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Changes in state condo laws

People can access condo records from their Board of Directors. They can complain about their condo board without being threatened by a lawsuit. And condo boards can't use ''ghost'' votes as a way to keep their members in office.

These are some of the 40 or so changes in Florida's condominium laws that took effect on Oct. 1.

At least 100 people came to Miami Beach City Hall on Tuesday night to hear about the new provisions that could make their lives a little easier.

Earlier this year, a committee chaired by State Rep. Julio Robaina gathered feedback from frustrated condo owners throughout Florida. With that input, state lawmakers amended two condo laws -- House Bill 601 and House Bill 995 -- this spring.

The large turnout at Tuesday's condo workshop was not surprising in Miami Beach, where there are 40,825 condos that make up 62 percent of the city's housing stock.

There are an estimated 25,000 condos in Florida with 1.5 million condo owners, said William Raphan, who manages the Fort Lauderdale office of the state's Condo Ombudsman's Office.

Every three months, Miami Beach holds a free workshop with Raphan for condo owners who have questions about their rights and responsibilities. The workshops began in 2005, said Lynn W. Bernstein, who coordinates the program. Next year, Bernstein will offer free three-hour quarterly courses on condo finances, condo rights and responsibilities, condo rules and regulations; and serving on a condo association board.

Raphan said all the changes to the condo laws are important. ''The Florida Legislature has never made so many changes in condo laws at one time,'' he said.

Still, the laws don't deal with a hot-button issue given the rising number of condo foreclosures: how to collect assessments and fees from delinquent condo owners.

Among the new provisions Raphan outlined on Tuesday:

 Condo associations cannot issue ''SLAPP suits'' against condo owners who complain in general terms about the association's board of directors and its actions. Lawsuits can still be filed against condo owners who criticize specific board members.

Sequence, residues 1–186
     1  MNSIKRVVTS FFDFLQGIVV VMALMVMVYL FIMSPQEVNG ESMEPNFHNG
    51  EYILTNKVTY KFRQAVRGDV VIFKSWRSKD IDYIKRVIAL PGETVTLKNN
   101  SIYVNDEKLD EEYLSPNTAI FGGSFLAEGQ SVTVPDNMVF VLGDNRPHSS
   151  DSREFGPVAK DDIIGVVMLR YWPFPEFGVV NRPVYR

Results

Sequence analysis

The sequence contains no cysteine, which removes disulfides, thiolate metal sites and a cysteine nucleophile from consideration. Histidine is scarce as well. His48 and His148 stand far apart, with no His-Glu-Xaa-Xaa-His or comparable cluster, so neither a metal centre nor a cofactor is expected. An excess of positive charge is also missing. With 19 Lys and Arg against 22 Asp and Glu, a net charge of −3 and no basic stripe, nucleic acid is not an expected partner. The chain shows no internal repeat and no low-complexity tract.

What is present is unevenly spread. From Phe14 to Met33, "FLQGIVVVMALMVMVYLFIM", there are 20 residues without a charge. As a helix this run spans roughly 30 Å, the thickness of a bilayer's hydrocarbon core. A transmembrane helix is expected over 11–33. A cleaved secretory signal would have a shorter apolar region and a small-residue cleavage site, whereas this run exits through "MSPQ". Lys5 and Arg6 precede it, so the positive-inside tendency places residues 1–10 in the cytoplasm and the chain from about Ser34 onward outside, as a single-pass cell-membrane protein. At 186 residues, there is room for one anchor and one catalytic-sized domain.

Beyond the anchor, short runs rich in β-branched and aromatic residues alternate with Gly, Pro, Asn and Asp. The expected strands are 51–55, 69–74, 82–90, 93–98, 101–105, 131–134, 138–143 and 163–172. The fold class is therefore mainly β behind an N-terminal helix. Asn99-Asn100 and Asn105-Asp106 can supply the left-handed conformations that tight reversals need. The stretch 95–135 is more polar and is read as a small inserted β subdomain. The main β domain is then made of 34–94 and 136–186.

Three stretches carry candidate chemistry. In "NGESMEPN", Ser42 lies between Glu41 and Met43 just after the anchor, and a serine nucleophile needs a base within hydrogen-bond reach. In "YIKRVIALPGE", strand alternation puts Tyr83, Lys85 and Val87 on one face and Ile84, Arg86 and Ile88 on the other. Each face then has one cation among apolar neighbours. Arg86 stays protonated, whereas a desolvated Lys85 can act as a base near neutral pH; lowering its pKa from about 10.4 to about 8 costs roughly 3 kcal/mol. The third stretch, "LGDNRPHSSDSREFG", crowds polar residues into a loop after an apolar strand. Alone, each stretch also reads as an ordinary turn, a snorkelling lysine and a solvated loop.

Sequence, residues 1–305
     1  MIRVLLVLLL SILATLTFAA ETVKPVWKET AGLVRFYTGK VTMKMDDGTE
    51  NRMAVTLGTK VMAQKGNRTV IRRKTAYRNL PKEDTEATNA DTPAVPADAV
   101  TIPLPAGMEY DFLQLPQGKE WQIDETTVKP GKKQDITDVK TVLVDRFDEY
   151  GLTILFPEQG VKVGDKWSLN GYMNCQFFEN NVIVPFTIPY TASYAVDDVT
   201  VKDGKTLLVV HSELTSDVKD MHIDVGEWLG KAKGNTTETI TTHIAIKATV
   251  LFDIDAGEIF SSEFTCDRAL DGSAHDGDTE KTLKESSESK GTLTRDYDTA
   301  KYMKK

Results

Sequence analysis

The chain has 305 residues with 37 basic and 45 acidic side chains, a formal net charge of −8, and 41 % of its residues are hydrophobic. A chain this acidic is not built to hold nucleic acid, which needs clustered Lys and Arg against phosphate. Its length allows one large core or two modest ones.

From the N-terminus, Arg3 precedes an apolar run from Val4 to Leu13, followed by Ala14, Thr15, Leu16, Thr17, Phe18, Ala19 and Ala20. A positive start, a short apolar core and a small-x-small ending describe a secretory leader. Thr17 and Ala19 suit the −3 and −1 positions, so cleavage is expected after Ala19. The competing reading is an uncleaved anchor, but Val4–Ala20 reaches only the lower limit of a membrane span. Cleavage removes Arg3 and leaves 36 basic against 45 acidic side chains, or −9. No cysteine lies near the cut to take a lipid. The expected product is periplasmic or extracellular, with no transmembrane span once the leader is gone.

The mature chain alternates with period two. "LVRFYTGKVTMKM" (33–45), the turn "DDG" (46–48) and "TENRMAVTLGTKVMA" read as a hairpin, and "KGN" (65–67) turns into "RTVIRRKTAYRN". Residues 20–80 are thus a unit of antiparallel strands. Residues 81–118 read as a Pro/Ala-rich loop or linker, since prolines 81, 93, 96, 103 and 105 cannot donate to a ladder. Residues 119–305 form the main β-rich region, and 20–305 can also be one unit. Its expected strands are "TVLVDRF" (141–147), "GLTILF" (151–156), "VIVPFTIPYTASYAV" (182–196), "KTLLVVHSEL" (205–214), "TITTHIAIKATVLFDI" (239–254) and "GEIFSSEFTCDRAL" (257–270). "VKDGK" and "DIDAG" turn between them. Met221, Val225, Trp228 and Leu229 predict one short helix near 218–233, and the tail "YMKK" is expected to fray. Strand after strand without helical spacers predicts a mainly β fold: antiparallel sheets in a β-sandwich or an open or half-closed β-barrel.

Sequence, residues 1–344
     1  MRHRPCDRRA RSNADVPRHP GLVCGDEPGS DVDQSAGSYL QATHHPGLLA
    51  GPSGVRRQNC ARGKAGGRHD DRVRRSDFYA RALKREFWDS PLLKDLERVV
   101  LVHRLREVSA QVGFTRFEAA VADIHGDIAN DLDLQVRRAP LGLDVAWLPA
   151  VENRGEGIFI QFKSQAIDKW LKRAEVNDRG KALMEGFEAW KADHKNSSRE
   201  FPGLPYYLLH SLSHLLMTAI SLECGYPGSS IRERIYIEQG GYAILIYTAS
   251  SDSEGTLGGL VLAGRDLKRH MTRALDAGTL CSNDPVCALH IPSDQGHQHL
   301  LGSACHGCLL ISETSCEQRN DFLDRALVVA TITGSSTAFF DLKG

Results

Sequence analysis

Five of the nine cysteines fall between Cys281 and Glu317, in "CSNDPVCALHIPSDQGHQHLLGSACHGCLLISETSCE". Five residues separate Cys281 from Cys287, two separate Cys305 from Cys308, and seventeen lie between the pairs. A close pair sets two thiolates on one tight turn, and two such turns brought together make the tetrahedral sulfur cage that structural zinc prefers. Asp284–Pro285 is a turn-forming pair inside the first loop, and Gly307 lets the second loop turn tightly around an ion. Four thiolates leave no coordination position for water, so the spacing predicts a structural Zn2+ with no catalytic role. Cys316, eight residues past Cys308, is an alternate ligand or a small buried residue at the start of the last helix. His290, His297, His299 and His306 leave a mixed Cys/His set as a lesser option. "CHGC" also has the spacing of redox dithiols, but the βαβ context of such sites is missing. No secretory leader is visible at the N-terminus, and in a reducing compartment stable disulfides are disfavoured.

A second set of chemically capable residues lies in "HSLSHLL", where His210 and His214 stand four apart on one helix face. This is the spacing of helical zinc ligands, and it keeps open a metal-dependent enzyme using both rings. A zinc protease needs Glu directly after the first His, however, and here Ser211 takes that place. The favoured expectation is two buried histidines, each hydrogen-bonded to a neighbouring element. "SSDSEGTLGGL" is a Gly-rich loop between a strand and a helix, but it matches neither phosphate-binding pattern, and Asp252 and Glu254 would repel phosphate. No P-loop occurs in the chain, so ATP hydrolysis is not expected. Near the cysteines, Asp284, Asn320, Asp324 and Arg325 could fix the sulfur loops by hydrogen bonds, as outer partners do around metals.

Condo association boards must provide condo records to condo owners who request them. The state can subpoena the records from uncooperative boards.

 The state can slap monetary fines and criminal penalties against condo association board members who break the law. The state can also remove them from office.

 Condo owners can add agenda items that must be heard at a board meeting as long as they get 20 percent of the condo owners to support their petition.

 Condo owners who are delinquent in paying their assessments for 90 days can't serve on a condo association board. The state can remove board members from office if they have been charged with felony theft or embezzlement.

 Condo association boards can't cast ''ghost'' votes on behalf of the building's common areas -- such as closets and stairways -- to garner votes for reelection.

 Associations are required to inform condo owners about how much upcoming special assessments may cost.

 Condo buildings taller than three stories must be inspected by an architect or engineer every five years.

Elaine Soffer-Siegel, who lives at the Nine Island Condo in Belle Isle, applauded the changes to the state's condo laws. ``I agree with them. They will stop abuses by management companies, condo board members and their lawyers.''